Shimo is one of the most versatile Mac VPN clients out there. Using industry-level AES 256-bit encryption, it offers a variety of VPN protocols and multiple simultaneous connections. The app is also easy to use and allows you to set automated triggers for when you want your VPN to be activated. Now you know that security doesn’t have to be complicated. 

Shimo VPN preferences

Opt for private search

Nearly all of us visit Google by default, without even thinking about it. We even use “google” as a generalized verb for online search overall. No wonder — Google is really good at figuring out what we need to find. It does so, however, by collecting vast amounts of information on our habits and our search history. Luckily, there are other, more privacy-focused alternatives. 

You can, for example, switch your searches to DuckDuckGo, which in most cases outputs results just as good as Google’s but without collecting any personalized information about you. As a result, DuckDuckGo’s search results are the same for everyone and help you escape the filter bubble.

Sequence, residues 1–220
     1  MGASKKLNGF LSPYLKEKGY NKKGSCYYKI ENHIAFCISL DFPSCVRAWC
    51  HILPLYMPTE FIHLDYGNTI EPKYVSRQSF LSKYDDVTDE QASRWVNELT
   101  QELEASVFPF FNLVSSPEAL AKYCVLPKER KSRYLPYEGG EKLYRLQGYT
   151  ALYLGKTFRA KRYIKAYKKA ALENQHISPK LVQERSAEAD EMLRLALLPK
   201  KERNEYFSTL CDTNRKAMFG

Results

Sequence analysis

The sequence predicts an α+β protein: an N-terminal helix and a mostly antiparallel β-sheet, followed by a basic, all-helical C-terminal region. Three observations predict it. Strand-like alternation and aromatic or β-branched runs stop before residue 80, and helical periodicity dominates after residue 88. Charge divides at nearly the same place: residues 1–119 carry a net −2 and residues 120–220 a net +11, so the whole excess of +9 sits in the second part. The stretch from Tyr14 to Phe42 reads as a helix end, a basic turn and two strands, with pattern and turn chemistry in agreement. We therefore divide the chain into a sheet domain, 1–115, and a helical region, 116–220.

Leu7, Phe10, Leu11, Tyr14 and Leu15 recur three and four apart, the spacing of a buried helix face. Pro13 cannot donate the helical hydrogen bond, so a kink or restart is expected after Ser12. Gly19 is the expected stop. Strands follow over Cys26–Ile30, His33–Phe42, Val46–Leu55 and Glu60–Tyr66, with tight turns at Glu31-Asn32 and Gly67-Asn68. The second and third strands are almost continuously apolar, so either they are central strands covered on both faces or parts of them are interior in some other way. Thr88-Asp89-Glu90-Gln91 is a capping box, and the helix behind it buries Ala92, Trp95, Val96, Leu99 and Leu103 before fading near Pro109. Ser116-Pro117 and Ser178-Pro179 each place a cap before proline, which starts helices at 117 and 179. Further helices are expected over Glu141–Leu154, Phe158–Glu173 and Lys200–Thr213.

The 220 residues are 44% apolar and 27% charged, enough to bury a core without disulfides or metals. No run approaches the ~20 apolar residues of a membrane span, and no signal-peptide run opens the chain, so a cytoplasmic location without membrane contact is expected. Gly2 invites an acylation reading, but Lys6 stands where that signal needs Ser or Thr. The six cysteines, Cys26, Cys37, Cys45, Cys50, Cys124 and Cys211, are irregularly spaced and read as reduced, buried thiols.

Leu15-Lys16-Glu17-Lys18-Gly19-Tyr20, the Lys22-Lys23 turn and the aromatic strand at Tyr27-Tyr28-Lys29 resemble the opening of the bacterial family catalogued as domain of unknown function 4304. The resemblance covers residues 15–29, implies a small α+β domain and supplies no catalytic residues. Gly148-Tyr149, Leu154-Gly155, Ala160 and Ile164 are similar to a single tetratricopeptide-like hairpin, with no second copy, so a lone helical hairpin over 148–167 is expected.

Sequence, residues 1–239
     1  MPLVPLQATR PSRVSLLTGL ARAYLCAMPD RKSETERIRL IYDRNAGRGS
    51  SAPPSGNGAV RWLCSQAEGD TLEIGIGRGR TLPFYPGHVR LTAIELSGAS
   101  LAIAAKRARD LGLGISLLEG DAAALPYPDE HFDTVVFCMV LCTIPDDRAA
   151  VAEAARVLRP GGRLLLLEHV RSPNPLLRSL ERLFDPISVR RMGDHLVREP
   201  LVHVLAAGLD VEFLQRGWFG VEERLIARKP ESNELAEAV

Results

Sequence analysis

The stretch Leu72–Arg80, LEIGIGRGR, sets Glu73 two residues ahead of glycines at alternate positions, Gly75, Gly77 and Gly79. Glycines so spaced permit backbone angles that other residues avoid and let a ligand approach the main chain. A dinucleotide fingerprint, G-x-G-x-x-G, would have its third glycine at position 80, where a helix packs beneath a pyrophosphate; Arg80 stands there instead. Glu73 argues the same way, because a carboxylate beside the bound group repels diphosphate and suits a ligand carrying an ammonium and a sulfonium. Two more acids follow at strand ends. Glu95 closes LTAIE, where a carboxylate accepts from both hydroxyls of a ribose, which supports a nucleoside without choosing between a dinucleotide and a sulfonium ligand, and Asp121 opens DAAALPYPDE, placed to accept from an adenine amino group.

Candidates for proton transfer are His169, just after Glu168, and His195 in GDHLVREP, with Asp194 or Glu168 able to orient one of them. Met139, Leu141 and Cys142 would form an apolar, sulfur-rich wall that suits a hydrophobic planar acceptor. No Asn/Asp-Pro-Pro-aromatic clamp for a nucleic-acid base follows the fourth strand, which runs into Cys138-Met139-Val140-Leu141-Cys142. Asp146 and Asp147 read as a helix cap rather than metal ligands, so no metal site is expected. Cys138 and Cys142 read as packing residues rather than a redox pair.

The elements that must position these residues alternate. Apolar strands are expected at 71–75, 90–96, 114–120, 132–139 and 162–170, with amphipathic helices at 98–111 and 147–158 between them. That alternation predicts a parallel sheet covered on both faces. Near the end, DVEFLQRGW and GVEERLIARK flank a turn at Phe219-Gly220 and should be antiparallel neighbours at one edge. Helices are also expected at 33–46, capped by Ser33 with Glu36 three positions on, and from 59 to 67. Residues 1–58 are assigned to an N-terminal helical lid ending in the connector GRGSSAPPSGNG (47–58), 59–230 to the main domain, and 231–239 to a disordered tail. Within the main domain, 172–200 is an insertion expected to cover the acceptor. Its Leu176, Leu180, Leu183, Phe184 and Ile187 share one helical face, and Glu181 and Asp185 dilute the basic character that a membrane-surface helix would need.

Duckduckgo, a private browser

Use an anonymous web browser

In addition to all of the above, if you strive to achieve complete anonymity online, you can switch to the Tor browser. 

Tor is a completely anonymous network that encrypts, isolates and disguises your traffic, so that website won’t know who you are besides the fact that you’re using Tor. 

If you think Tor is a bit too complicated for you, you can continue to use your favorite browser in private browsing mode without much worry. But make sure to remove any unnecessary plugins too. Adobe Flash, for example, has been previously linked to revealing IP addresses. Another thing you can do is prevent cross-site tracking in Safari, so that cookies wouldn’t be able to follow you across the web: 

  1. Launch Safari ➙ Preferences… (⌘ + ,)

  2. Navigate to the Privacy tab and check “Prevent cross-site tracking”

Prevent cross-site tracking in Safari

As you can see, winning back your privacy is not that difficult. Just switch to anonymous browsing, install AdGuard to block ads and trackers, reconfigure your DNS, arm yourself with Shimo VPN, use DuckDuckGo for your online searches and maybe switch to Tor. 

Best of all, you can get AdGuard and Shimo absolutely free for seven days via a trial of Setapp, a platform with more than 200 essential Mac apps that cover anything from adding your cloud storage as local hard drives (CloudMounter) to using Instagram on Mac (Grids). Try all these apps and more today at no cost and see how much more productive you can be!